My English Mentor – Horsing Around
Racing terms have become part of the English language. So why not get racing with these common phrases?
The favorite of a race or contest is the ‘front runner’. They are expected to win.
She is the current front runner in this year’s elections.
But picking the front runner doesn’t always guarantee it’s a ‘sure thing’.
A ‘sure thing’ is an outcome that seems certain.
An increase in income tax now looks like a sure thing.
A similar term is a ‘sure bet’, which is a bet you can’t possibly lose.
A race in which the winner is obvious – before the race has even begun – is called a ‘one horse race.’
Today we will find out who will get the class prize, but we all know Lily will win. It is a one horse race.
A ‘one horse race’ is not to be confused with a ‘one horse town.’ That’s a very small town – usually an insignificant place where nothing very exciting happens.
We will never find a decent coffee in this one horse town.
The horse’s mouth.
If you really want to know who will win a race you probably wouldn’t ask the horses. Nevertheless, a common phrase is ‘straight from the horse’s mouth’.
If you hear something ‘straight from the horse’s mouth’, you aren’t really talking with horses. Instead, it means that you have heard it directly from the source, or from an authority.
I don’t believe she is leaving her job. Who told you that?I heard it straight from the horse’s mouth.
We use the phrase ‘straight from the horse’s mouth’ to emphasize that this must be reliable information, since we heard it from the subject themselves.
As the race comes to a close we say the runners are on the ‘home straight’ or the ‘home stretch’.
You might hear on the ‘home straight’ used to talk about the last part of a task or journey that has been long and difficult.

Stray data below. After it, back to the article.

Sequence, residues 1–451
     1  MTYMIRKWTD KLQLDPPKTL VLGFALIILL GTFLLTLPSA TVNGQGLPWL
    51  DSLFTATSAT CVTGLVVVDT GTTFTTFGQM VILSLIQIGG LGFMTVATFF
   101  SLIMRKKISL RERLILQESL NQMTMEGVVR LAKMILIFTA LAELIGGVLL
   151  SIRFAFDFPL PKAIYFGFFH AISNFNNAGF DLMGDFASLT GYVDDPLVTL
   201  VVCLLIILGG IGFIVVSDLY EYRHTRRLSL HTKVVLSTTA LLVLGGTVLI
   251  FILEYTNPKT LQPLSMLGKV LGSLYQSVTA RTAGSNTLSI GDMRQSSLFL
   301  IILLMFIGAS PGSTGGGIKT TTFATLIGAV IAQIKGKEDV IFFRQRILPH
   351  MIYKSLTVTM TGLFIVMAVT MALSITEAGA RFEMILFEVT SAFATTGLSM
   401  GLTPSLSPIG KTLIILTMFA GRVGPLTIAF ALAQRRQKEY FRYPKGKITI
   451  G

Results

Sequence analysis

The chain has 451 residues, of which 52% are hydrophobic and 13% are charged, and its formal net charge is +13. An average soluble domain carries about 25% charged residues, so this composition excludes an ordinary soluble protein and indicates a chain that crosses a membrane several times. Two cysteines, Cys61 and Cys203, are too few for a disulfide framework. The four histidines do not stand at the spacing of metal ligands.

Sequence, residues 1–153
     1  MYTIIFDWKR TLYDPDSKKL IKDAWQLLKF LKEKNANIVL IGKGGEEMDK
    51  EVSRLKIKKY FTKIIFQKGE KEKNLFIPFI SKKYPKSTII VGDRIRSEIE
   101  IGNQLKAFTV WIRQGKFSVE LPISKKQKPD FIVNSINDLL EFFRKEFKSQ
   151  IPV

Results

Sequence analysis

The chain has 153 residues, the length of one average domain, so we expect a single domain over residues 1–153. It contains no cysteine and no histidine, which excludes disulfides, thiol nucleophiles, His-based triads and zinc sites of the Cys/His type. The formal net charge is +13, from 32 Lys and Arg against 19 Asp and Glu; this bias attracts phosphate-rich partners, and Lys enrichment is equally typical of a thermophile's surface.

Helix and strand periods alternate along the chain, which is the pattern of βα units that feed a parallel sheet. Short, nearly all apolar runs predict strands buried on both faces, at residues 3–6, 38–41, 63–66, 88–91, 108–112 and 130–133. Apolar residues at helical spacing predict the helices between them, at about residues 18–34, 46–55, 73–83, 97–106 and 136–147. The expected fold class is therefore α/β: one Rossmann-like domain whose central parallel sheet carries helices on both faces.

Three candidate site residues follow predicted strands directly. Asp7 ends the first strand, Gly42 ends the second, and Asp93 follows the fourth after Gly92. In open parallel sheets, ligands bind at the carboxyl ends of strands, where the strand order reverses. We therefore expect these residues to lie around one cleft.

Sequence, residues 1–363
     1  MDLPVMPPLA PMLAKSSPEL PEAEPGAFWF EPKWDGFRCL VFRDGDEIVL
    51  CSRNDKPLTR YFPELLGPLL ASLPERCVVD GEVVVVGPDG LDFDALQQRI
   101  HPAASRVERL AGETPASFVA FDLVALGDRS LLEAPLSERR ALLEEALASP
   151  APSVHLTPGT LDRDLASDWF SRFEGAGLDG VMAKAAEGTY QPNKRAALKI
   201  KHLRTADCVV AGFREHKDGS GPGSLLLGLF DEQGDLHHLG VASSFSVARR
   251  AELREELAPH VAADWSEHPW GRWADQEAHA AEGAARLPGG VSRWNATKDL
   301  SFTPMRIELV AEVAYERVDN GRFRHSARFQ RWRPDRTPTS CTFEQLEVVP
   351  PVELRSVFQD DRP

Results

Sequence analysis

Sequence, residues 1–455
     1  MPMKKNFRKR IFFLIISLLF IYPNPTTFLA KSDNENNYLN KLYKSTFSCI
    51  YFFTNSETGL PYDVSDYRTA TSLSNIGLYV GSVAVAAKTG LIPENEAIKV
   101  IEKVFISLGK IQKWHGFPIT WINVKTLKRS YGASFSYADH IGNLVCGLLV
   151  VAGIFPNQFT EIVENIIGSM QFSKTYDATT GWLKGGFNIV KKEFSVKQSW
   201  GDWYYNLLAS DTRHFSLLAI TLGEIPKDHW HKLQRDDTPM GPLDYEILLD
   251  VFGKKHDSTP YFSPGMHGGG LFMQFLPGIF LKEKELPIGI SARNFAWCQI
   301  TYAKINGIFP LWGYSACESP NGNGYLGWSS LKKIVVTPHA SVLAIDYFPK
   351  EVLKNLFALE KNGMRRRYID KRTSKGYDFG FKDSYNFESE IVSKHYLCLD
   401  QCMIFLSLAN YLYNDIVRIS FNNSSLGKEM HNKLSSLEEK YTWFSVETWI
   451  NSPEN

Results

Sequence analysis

I know we’ve all been working long hours to finish this project, but now we’re on the home straight.
All of Jen’s students say she is the best Thai teacher they have had because she is patient with them and teaches at their pace with no pressure to learn quickly.
Jen teaches at her home in Chiang Rai and can be reached on +814 726 644
But the race isn’t over yet so ‘hold your horses’.
To ‘hold your horses’ means to slow down or wait before going ahead. You might say it to someone who is rushing ahead without thinking things through.
The phrase comes from the days when horse drawn carriages were common and someone travelling too fast might need to hold their horses – in order to, literally, slow down and be more careful.
Of course, the winner in any competition is not always obvious – sometimes an unexpected candidate wins.
In a political race, a ‘dark horse’ can be someone we don’t know much about, but who has received unexpected support. In sport, a ‘dark horse’ is a team or individual who has had surprising success.
The dark horse this season will be the young player from Sydney who surprised everyone in the first round.
When it comes to winning, there are a few common phrases that have made their way from racing into everyday use.
If it’s a very close race you might say ‘it’s down to the wire’. If an election is down to the wire it is unclear until the very last minute who has won.
Our submission for the project came down to the wire. I handed it in right on five o’clock.
After a close race, you can also say someone has ‘won by a nose’. This means they have crossed the finish line with only their nose ahead of their closest opponent.
But if a race was won by a great distance we can say that th
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